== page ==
One of the more interesting bits of hardware at last month’s InPrint show was the Fujifilm Acuity B1. In most graphics printing the machine is developed around the actual printing, which is the end goal of the process. But for industrial applications the printer has to be developed around whatever manufacturing process the printing has to fit into, which pushes up the cost of developing the print system.
This in turn limits the scope for standalone industrial printers. Most of the current industrial printers have evolved out of wide format printing technologies or address specific markets such as printing direct to cans. However, the Fujifilm Acuity B1 does seem to genuinely go beyond this limitation. It’s a sheetfed multi pass printer that uses Fujifilm Dimatix QFR printheads, delivering 7 picolitre drop sizes. It can produce 960 dpi resolution at a speed of 200 sph in a six-pass print mode. This may all sound familiar to some readers, as Fujifilm has developed it with Inca Digital, which is selling it as the Onset M, and showed it earlier this year at the Fespa Hamburg show.
It’s built on the same platform as the Inca Digital Onset X series and has the same approach to automated cleaning and calibration. Inca Digital has really been ahead of the game in this respect, developing highly automated cleaning systems, combined with effective filtration, to ensure that the printheads are kept free of dried ink and other detritus to reduce the chance of blocked nozzles. The result is that the printheads have a very long lifespan, typically several years, saving both the cost of the heads and the production time lost in replacing them.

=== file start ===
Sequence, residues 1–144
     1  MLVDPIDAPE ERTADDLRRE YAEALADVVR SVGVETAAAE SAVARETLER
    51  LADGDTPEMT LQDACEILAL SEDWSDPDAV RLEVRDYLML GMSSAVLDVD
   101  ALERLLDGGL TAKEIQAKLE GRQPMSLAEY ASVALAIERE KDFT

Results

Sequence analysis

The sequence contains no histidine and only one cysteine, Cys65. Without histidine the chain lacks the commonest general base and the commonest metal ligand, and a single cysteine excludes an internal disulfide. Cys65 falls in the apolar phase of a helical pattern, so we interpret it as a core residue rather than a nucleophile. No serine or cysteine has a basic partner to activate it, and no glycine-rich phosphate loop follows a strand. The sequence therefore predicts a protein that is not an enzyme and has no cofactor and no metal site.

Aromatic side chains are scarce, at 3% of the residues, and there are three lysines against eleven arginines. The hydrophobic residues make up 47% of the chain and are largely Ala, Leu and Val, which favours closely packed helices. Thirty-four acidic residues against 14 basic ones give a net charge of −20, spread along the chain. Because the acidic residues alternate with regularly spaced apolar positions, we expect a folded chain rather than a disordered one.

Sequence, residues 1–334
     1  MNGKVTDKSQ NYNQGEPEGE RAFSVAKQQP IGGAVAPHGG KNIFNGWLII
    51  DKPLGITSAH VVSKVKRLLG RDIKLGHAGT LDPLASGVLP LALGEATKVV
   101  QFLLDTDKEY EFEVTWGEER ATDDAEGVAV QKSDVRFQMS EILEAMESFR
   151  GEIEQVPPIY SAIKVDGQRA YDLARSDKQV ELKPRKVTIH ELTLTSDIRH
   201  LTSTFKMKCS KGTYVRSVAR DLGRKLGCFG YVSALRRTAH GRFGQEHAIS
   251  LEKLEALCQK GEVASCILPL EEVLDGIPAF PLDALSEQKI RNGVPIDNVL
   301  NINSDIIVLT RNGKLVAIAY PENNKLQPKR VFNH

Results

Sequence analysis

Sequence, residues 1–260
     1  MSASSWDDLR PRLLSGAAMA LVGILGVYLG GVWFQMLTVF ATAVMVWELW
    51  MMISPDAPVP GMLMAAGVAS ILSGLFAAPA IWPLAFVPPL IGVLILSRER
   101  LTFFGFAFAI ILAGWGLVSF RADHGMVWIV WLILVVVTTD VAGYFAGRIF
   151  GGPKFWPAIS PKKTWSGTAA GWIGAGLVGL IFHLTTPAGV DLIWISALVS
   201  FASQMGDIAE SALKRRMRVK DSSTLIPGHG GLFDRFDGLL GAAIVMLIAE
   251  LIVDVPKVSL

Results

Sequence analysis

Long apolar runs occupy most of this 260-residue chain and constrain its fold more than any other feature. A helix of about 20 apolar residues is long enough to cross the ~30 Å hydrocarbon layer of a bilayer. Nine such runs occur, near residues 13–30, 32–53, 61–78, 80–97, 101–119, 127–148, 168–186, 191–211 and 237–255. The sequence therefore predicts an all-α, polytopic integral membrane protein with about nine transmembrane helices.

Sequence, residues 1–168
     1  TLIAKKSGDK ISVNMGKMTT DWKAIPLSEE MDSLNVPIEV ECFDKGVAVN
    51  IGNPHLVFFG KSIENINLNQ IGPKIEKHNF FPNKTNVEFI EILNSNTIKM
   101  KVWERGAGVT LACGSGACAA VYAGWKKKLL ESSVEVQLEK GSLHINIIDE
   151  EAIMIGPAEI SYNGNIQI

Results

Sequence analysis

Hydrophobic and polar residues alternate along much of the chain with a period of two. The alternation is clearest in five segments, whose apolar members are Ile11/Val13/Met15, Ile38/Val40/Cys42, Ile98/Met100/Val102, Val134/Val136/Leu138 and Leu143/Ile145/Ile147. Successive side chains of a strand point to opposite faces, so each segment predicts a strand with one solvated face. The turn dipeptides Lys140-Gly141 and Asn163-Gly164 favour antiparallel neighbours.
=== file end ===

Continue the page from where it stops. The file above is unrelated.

It seems strange to plan an industrial machine around B1, which is essentially a paper format. However, Jon Harper Smith, marketing manager at Fujifilm Europe’s Graphic division, says that it covers several market areas, pointing out that the B1 format size can be used for different things: “It’s an entry point in all of this, graphics, wide format, commercial print, packaging and industrial print.” It’s able to handle a wide range of materials, from paper through to wood, metal and plastic.
Stephen Tunnicliffe Wilson, Director of research and development for Inca Digital, says: “The M is for high resolution and high registration. We recognised that people are used to printing with offset and they want very good registration. With wide format they are used to plotter cutters like the Zund but this is much faster so we recognised that we would have to have the registration compatible with die cutting.”
However, what really makes this printer so interesting is the flexibility in the way that it can be configured. There’s an LED array on the printer carriage but the final drying takes place in a separate tunnel using conventional mercury lamps. So far the printer has been shown with UV inks, meaning LED pinning in the printer, final cure in the tunnel. But Harper Smith says that configuration could change, adding: “We could run it with hybrid or aqueous ink technology.”
Fujifilm has been tinkering with hybrid inks for some years now. The most obvious example of this is the Vybrant, a roll-fed wide format printer, which used a hybrid solvent UV ink. Mimaki, which supplied the chassis, also sold this as its SUV400 printer.